Biden Beats Predecessors Including Obama, Trump on Economic Approval: CNBC

This article was originally published on this site

Mandel Ngan/Getty Images

Americans give President Joe Biden higher marks for his handling of the economy than they gave any his four predecessors at the same point in their presidencies, according to a CNBC survey published Thursday.

Biden holds a 62 percent approval rating on that issue, according to the survey. President Barack Obama placed second, with approval from 60 percent of Americans in February 2009. President George W. Bush placed third, with 57 percent approval in March 2001, followed by President Bill Clinton (51 percent) and President Donald Trump (44 percent).

Trump, Biden’s immediate predecessor, presided over a surge of 6.7 million new jobs between the time he took office in January 2017 and December 2019. The unemployment rate dipped during that period from 4.7 percent to 3.5 percent, its lowest level since December 1969. It rose to 14.7 percent in April 2020, after the onset of lockdowns related to the coronavirus pandemic, before sliding back to 6.3 percent by the time he left office.

Biden, meanwhile, has spent his first month in office seeking to pass a massive $1.9 trillion Covid relief package that would, among other measures, provide $1,400 direct payments to some Americans making less than $75,000. It would also raise federal employment aid to $400 weekly, in addition to extending other pandemic-related economic benefits through September.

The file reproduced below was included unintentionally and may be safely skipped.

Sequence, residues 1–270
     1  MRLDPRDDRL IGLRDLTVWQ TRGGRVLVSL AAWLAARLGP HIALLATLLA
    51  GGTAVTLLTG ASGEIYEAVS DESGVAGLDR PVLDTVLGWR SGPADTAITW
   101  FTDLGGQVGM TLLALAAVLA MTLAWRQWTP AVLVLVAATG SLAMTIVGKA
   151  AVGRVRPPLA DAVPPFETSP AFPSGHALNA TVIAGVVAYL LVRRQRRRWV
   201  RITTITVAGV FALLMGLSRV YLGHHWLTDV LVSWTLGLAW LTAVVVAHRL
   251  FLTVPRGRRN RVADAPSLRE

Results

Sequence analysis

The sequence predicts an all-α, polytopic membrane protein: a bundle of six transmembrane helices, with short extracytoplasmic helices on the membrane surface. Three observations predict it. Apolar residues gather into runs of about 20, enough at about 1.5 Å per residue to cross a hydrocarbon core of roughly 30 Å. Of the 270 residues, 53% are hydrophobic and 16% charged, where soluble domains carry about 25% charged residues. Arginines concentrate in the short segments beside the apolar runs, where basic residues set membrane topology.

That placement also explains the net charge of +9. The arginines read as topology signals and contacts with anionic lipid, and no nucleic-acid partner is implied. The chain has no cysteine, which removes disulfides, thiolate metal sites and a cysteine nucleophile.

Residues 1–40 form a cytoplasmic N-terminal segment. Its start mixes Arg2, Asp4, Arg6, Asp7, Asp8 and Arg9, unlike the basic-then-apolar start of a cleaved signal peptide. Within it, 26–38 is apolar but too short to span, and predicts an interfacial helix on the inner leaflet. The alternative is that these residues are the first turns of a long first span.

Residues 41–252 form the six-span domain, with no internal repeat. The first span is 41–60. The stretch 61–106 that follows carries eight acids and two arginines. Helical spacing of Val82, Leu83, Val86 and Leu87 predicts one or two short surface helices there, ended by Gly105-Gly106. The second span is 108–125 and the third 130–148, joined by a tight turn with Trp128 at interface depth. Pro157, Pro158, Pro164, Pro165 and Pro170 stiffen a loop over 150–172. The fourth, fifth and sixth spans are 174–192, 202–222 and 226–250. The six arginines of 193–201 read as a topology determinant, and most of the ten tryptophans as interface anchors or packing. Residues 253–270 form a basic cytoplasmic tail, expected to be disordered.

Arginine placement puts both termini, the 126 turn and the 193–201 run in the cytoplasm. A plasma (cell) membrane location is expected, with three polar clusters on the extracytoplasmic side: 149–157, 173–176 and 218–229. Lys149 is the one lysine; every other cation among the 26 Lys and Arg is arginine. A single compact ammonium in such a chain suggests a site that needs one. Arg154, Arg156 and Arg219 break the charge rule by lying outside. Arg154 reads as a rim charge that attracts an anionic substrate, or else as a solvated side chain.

A report from the Congressional Budget Office this month indicated that the economic consequences of the pandemic may last longer than the proposed aid programs. Analysts said they expected “gradual declines” in the unemployment rate for the rest of 2021, but didn’t anticipate a return to pre-pandemic employment until 2024.

CNBC’s survey had a margin of error of plus or minus 3.5 percentage points. It included 1,000 respondents without respect to their voter registration status.

Have a tip we should know? [email protected]